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New Reports Explain Medicaid’s Role in Long-Term Care and Track Trends

With short and long-term policy changes to the Medicaid program being discussed, its role in providing long-term care is receiving closer examination. Medicaid is the single largest source of financing for long-term care, accounting for nearly half of all the nation’s spending for long-term care services, and demographic trends are…

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Medicare Prescription Drug Coverage for Residents of Nursing Homes and Assisted Living Facilities: Special Problems and Concerns

This issue brief describes Medicare drug benefit policy issues for residents of nursing homes and other long-term care settings, such as assisted living facilities and board and care facilities. The brief addresses differing rules for nursing home and non-nursing home settings, as well as for dual eligibles residing in long-term…

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Dual Eligible Home and Community-Based Waiver Program Participants and the New Medicare Drug Benefit

Dual eligible beneficiaries who participate in Medicaid home and community-based waiver programs usually do not have a centralized care provider to manage their health care benefits and services. For the new Medicare prescription drug benefit, no individual is designated to assist participants with their prescription drug plan selection, comparison of…

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Strategies to Keep Consumers Needing Long-Term Care in the Community and Out of Nursing Facilities

In recent years states have been trying to shift resources from institutional to home and community based long-term care services. This report examines “transition” and “diversion” policies and practices in eight states. It provides a sense of what state Medicaid programs are doing or could be doing to promote diversion.Report…

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Who Stays and Who Goes Home: Using National Data on Nursing Home Discharges and Long-Stay Residents to Draw Implications for Nursing Home Transition Programs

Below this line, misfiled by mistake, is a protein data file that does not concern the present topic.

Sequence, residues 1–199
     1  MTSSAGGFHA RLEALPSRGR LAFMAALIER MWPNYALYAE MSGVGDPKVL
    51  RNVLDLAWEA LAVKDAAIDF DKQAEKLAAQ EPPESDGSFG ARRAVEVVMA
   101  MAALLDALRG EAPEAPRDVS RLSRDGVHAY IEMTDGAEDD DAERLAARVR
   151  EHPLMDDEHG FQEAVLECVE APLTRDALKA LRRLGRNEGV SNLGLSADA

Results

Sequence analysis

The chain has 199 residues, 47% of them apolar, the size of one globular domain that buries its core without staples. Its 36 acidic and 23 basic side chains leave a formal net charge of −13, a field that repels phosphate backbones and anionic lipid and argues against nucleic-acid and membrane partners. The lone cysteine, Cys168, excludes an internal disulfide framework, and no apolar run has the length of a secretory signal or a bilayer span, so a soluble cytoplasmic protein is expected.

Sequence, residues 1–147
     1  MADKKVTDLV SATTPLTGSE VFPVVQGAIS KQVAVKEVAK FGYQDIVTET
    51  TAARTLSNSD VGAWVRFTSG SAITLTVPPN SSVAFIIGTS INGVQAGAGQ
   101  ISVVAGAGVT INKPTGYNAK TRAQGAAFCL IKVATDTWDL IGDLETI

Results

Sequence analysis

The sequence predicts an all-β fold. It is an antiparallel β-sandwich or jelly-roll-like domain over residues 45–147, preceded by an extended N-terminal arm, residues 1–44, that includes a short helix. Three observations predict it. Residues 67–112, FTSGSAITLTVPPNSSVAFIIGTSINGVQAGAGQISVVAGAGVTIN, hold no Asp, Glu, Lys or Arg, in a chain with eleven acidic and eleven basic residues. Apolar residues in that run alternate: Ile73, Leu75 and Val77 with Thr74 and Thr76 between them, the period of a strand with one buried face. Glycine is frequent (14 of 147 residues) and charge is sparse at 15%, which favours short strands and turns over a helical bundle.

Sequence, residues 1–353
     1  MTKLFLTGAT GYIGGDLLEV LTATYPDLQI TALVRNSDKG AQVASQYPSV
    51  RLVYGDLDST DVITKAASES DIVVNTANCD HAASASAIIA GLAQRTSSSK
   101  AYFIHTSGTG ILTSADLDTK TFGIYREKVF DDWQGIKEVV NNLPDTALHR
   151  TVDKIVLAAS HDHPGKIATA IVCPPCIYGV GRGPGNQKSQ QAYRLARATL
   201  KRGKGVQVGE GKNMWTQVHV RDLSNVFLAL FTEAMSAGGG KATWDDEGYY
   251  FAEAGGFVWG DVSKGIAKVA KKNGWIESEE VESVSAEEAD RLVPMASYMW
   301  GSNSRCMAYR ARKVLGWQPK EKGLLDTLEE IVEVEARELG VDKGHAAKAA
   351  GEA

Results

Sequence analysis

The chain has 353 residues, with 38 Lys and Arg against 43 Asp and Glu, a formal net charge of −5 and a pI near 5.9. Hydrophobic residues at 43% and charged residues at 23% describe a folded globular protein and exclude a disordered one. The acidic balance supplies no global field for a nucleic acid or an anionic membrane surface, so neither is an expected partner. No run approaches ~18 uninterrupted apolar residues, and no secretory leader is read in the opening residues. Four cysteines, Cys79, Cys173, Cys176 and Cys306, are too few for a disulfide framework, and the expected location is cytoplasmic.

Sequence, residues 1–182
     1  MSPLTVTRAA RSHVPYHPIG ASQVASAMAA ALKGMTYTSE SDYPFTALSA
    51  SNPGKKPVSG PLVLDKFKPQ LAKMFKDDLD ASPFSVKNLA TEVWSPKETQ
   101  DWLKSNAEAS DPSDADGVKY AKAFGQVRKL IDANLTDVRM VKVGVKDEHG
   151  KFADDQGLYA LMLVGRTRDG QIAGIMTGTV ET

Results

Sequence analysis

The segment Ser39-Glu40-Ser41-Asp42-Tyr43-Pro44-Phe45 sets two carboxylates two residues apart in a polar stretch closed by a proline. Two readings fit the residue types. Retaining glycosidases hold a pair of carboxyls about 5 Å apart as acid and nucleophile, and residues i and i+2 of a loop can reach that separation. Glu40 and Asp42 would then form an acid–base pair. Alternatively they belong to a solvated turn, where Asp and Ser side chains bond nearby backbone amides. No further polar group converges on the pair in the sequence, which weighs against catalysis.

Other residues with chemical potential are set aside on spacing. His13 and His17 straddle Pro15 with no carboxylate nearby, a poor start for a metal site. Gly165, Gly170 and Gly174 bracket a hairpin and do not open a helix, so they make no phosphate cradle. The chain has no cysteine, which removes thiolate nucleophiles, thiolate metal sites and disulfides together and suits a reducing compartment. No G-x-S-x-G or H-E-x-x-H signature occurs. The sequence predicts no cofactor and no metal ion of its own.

This report analyzes survey data to describe the characteristics of two groups of nursing home residents who are 65 years or older: those who are discharged back to the community over a one year time period and those who remain in nursing homes for 90 days or longer. Over the…

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Medicaid 1915(c) Home and Community-Based Service Programs: Data Update

Over the last four years, the Commission has been tracking the national development of the three main Medicaid HCBS programs that states can operate. The Commission also began to survey the policies, such as eligibility criteria and waiting lists that states can use to control the growth of spending on…

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The Distribution of Assets in the Elderly Population Living in the Community

Individuals cannot qualify for Medicaid nursing home care or home and community-based services unless they meet their state's asset eligibility standards. Currently, states are required to examine all transfers for less than fair market value that occurred within 36 months prior to an individual's application for Medicaid. This issue paper…

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Medicaid’s Role in Long-Term Care: Q & A

Financing long-term care for the nearly 10 million Americans who need services and support to assist them in life’s daily activities continues to challenge the nation. While Medicaid is the nation’s major source of financing for long-term care services, paying for over 40% of total long-term care, its role is…

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Health Care and the 2004 Elections: Long Term Care

Long Term CareDownload a printable .pdf of Health Care and the 2004 Elections: Long Term Care.IssueBackgroundOptions for Addressing Long Term Care NeedsAssessing Candidate PositionsIssueMillions of elderly and disabled Americans need long-term care services and supports. The aging of the population in the United States over the next several decades is…

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Olmstead v. L.C.: The Interaction of the Americans with Disabilities Act and Medicaid

This policy brief describes the relationship of the Americans with Disabilities Act and Medicaid services and the impact of the U.S. Supreme Court’s Olmstead v. L.C. decision. Policy Brief (.pdf) Related Olmstead Materials

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